Art Essays

Not the Way Home, Damaged

Published June 16, 2012
Elisabeth Cummings Creek Bed Fowlers Gap 2011 oil on canvas 115 x 130cm

In recent years there has been a spate of projects in which a group of artists are taken to some far-flung location and invited to respond to a new environment. The end result is a group exhibition that gathers together works made on the spot, and those created afterwards in the studio from memories, sketches and photos.
Not the Way Home at the S.H.Ervin Gallery is the latest of these shows and, in terms of quality, probably the best and most consistent so far. This may be because the terrain was already familiar to some of the artists, while others are now seasoned veterans of these group excursions to the bush.
The destination was Fowler’s Gap, a research station maintained by the University of NSW, about 90 minutes drive from Broken Hill. For more than 10 years the NSW College of Fine Arts has been bringing students to Fowler’s Gap, to paint and draw on the edge of the desert. This time the sponsors were Artist Profile magazine and Winsor & Newton,  which supplied accommodation and upkeep, artists’ materials, and other essentials. They also sent a writer, an ABC producer and a printmaker, putting together a complete package for issue no. 18 of the magazine. Editor, Owen Craven, is also curator of the exhibition.
The Artists Profile crew are obviously not superstitious, having chosen thirteen artists for this adventure: Margaret Ackland, Elisabeth Cummings, Merran Esson, Joe Frost, Alan Jones, Jennifer Keeler-Milne, Ross Laurie, Steve Lopes, Euan Macleod, Idris Murphy, Amanda Penrose Hart, Peter Sharp and Guy Warren. This roll call represented a broad cross-section of talents, techniques and experience.
As teachers at COFA, Idris Murphy and Peter Sharp had already taken hundreds of students to Fowler’s Gap. Guy Warren, who is not quite 92, and Elisabeth Cummings, were the senior artists. Euan Macleod and Cummings have been on so many of these artist trips that it wouldn’t be the same without them.
As the idea behind the trip was simply for the artists “to make a body of work in response to the landscape and their experience as a whole,” it’s no surprise that the dedicated landscape painters seem to have produced the strongest pieces. Elisabeth Cummings’s work has a depth and consistency that can make other artists’ efforts seem amateurish, but the standout performer is Ross Laurie, who has produced an impressive variety of images, from small charcoal sketches to densely worked studies in oil stick, to large oils on canvas.
In Laurie’s work one sees the complete cycle from straightforward observation to transformation in the studio. His two large paintings, Ridge and Creek, Fowler’s Gap I & II, are very far from being snapshots of the desert landscape. Laurie has taken huge liberties with the colour, using swathes of white-ish paint to reproduce the effect of bright sunlight. This is reminiscent of Ian Fairweather, who would often finish a painting with a final tracery of white. The other Fairweatheresque aspect is the creation of an internal rhythm that holds the composition together, even though each component seems to be bulging and sliding.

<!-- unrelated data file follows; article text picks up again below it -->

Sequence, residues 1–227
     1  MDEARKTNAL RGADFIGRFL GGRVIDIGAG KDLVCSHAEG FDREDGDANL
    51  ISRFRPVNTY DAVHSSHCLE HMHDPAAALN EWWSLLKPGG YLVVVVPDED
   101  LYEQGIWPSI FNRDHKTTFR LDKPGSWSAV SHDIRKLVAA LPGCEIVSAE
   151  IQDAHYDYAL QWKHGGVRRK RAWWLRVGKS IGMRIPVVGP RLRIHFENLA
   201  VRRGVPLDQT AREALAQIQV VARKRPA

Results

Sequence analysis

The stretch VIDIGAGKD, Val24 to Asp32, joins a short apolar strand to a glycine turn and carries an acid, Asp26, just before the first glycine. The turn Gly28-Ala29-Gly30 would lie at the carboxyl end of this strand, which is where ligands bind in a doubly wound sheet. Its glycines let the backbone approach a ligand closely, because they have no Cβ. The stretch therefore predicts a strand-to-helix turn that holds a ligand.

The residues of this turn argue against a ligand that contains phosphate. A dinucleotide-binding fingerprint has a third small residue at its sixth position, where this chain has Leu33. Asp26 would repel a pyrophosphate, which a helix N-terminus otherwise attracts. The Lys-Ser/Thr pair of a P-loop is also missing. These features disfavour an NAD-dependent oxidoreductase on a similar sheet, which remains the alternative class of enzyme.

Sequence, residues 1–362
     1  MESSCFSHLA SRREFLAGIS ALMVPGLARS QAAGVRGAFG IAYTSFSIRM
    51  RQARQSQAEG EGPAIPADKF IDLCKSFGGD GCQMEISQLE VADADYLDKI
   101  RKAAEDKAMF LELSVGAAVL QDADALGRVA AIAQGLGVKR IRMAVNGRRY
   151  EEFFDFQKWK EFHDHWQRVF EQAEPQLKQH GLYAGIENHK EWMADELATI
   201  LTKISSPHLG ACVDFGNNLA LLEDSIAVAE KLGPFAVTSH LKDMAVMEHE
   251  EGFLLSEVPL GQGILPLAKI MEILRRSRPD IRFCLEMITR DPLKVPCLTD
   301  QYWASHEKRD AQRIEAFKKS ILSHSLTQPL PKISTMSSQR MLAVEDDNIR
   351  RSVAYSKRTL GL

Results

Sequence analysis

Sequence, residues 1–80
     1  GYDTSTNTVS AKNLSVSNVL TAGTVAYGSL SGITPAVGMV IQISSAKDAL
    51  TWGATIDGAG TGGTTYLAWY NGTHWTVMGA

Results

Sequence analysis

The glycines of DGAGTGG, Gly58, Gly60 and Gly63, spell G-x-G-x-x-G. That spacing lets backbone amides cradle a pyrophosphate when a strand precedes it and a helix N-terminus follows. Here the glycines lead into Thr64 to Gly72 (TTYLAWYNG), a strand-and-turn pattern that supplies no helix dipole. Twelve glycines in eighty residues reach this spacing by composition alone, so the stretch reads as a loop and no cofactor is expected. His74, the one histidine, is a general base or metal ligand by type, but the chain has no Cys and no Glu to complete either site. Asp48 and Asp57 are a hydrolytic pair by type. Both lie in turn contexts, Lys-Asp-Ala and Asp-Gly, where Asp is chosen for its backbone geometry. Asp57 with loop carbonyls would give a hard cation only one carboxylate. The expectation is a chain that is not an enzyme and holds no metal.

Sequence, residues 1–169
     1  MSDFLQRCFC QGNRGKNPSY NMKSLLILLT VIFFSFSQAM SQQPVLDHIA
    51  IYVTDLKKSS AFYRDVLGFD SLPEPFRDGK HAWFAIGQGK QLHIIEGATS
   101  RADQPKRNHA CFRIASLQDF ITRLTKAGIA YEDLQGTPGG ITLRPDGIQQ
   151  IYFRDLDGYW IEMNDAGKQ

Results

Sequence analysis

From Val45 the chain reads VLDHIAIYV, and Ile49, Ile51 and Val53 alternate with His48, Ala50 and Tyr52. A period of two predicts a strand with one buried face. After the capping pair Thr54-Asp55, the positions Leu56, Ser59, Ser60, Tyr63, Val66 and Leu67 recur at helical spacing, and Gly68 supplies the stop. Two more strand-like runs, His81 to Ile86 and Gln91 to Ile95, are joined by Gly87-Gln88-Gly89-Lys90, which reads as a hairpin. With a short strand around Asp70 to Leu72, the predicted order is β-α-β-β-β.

It’s hard to believe we are looking at the same environment when we turn to Idris Murphy’s work – a series of small, square oils and one large-scale acrylic painting on a sheet of aluminium. The small pictures are much crisper and brighter than one expects from this artist, but the large panel, Reflections and Shadows, Fowler’s Gap, is one of the surprises of this show. A very simple arrangement of black and purple planes, it has dominant presence in the room. As one looks into the black area at the bottom, one sees the outline of something that may be a tree trunk, but could just as easily be a detached limb borrowed from a Philip Guston painting.
We meet a subdued version of Euan Macleod in this show. While this is probably only a small selection of what he actually painted, his pictures are modestly scaled and introverted.
Alan Jones has eliminated colour altogether, working in tones of black, white and grey. Jennifer Keeler-Milne does something similar, producing a series of 42 charcoal drawings of desert plants, and one large study of the sky.
Amanda Penrose Hart has opted for a large number of small naturalistic oil sketches, hung in clusters. Joe Frost takes the opposite course, veering towards abstraction in paintings that feel self-consciously experimental.